The tunability of the CO2 molecular gas laser permits selective multiphoton infrared excitation of one isomer in a mixture of isomers. This capability can be exploited to drive isomerization reactions in a contra-thermodynamic direction. Examples of such reactions are the trans → cis isomerization of alkenes and the electro-cyclic isomerization of butadienes to cyclobutenes. It is also possible to achieve some selectivity in consecutive isomerization reactions (A → B → C) and in competing reactions (A B + C) via multiphoton infrared excitation. For example, consecutive reactions can be stopped at the intermediate product B in cases where the activation energy for B → C is lower than that for A → B. The product ratio B/C in competing reactions is, in some cases, dependent upon the average vibrational temperature of the reactant A and hence can be altered by changing laser fluence or collisional frequency. In addition, pulsed infrared lasers can be used to create high concentrations of vibrationally excited fragmentation products. We are currently seeking to correlate product vibrational energy distributions with reactant structure and decomposition mechanism.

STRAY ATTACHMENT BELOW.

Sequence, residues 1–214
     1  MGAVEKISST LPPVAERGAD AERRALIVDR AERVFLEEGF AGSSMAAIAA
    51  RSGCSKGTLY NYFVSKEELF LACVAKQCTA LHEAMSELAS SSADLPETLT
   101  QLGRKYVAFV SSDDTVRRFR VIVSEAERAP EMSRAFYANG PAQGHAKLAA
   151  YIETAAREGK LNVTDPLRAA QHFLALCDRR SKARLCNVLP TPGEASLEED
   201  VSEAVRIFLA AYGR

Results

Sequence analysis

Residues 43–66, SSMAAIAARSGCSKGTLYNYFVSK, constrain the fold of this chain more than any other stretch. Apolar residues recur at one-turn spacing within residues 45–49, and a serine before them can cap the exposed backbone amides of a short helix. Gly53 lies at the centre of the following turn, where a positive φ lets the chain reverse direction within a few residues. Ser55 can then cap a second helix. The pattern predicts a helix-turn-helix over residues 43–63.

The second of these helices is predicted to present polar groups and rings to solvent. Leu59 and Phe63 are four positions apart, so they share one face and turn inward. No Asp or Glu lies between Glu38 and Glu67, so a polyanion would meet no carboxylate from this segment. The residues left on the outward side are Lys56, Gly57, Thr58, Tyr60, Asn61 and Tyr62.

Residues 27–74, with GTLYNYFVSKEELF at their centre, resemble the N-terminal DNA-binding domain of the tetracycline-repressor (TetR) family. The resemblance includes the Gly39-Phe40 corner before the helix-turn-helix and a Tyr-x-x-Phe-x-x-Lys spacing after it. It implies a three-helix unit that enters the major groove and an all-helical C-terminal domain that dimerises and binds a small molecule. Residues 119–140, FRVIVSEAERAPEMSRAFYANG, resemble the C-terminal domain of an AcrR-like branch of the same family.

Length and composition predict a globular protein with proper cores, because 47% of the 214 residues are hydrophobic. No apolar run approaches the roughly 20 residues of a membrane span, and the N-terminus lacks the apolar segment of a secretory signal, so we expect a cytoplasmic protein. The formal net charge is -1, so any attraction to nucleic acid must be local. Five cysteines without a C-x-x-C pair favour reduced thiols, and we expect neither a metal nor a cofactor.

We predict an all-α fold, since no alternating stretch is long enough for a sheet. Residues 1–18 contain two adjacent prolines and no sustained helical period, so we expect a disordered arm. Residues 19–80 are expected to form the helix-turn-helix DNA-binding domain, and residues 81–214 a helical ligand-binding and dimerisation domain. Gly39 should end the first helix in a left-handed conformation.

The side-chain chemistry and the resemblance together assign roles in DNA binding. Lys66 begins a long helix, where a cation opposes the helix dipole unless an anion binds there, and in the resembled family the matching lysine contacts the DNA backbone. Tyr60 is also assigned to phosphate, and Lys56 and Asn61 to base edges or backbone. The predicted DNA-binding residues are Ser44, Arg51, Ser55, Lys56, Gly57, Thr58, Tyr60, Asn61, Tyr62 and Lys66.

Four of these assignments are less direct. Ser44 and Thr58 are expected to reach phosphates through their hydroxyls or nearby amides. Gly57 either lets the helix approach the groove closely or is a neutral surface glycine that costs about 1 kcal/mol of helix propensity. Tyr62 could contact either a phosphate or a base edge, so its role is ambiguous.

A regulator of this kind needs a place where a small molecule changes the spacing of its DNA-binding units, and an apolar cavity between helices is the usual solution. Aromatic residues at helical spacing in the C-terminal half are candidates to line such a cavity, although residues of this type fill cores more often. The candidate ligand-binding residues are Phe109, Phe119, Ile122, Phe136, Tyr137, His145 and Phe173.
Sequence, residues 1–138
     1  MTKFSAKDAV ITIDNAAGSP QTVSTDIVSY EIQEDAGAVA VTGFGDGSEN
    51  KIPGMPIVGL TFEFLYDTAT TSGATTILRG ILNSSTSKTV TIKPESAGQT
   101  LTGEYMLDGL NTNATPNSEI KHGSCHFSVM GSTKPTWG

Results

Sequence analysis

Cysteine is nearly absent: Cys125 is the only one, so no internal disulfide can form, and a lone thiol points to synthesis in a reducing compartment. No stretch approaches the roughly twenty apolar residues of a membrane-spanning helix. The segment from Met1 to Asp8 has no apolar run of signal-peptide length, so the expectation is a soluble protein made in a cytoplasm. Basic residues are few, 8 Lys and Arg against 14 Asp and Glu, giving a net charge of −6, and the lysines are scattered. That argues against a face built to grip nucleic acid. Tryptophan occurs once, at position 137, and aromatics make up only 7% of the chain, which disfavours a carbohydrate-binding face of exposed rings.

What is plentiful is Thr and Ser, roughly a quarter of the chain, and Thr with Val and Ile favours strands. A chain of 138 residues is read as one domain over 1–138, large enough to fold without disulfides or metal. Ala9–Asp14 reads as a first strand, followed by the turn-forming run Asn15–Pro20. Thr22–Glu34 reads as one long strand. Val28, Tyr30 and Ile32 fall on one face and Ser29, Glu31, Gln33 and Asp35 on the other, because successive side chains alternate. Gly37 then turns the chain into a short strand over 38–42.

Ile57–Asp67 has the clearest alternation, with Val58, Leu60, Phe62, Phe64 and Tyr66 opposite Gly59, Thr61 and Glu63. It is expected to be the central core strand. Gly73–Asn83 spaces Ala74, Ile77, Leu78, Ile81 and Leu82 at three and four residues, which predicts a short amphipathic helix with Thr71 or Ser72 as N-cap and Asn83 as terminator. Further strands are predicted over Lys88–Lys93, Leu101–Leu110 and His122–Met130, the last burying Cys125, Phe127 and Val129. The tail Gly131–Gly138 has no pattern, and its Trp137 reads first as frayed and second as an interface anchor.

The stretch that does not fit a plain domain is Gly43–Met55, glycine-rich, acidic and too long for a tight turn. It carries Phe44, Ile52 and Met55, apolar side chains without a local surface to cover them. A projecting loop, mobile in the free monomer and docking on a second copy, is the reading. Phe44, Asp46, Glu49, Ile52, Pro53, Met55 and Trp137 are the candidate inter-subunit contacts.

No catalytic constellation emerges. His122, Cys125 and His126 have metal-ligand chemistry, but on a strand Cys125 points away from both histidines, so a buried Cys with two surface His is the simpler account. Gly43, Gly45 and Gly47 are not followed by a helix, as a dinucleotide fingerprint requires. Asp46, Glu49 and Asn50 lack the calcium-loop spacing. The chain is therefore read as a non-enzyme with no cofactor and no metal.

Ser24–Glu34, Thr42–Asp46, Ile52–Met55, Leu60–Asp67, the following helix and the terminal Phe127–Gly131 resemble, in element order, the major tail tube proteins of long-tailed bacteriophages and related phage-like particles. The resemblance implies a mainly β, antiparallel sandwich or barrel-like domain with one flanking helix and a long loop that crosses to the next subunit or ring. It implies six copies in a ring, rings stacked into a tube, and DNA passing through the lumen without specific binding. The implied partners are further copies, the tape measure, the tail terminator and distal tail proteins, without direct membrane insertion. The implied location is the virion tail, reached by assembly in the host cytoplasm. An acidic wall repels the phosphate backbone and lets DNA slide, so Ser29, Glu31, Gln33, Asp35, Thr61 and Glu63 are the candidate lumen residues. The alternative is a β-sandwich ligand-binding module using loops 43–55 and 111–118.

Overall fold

ASJC Scopus subject areas
- Chemical Engineering(all)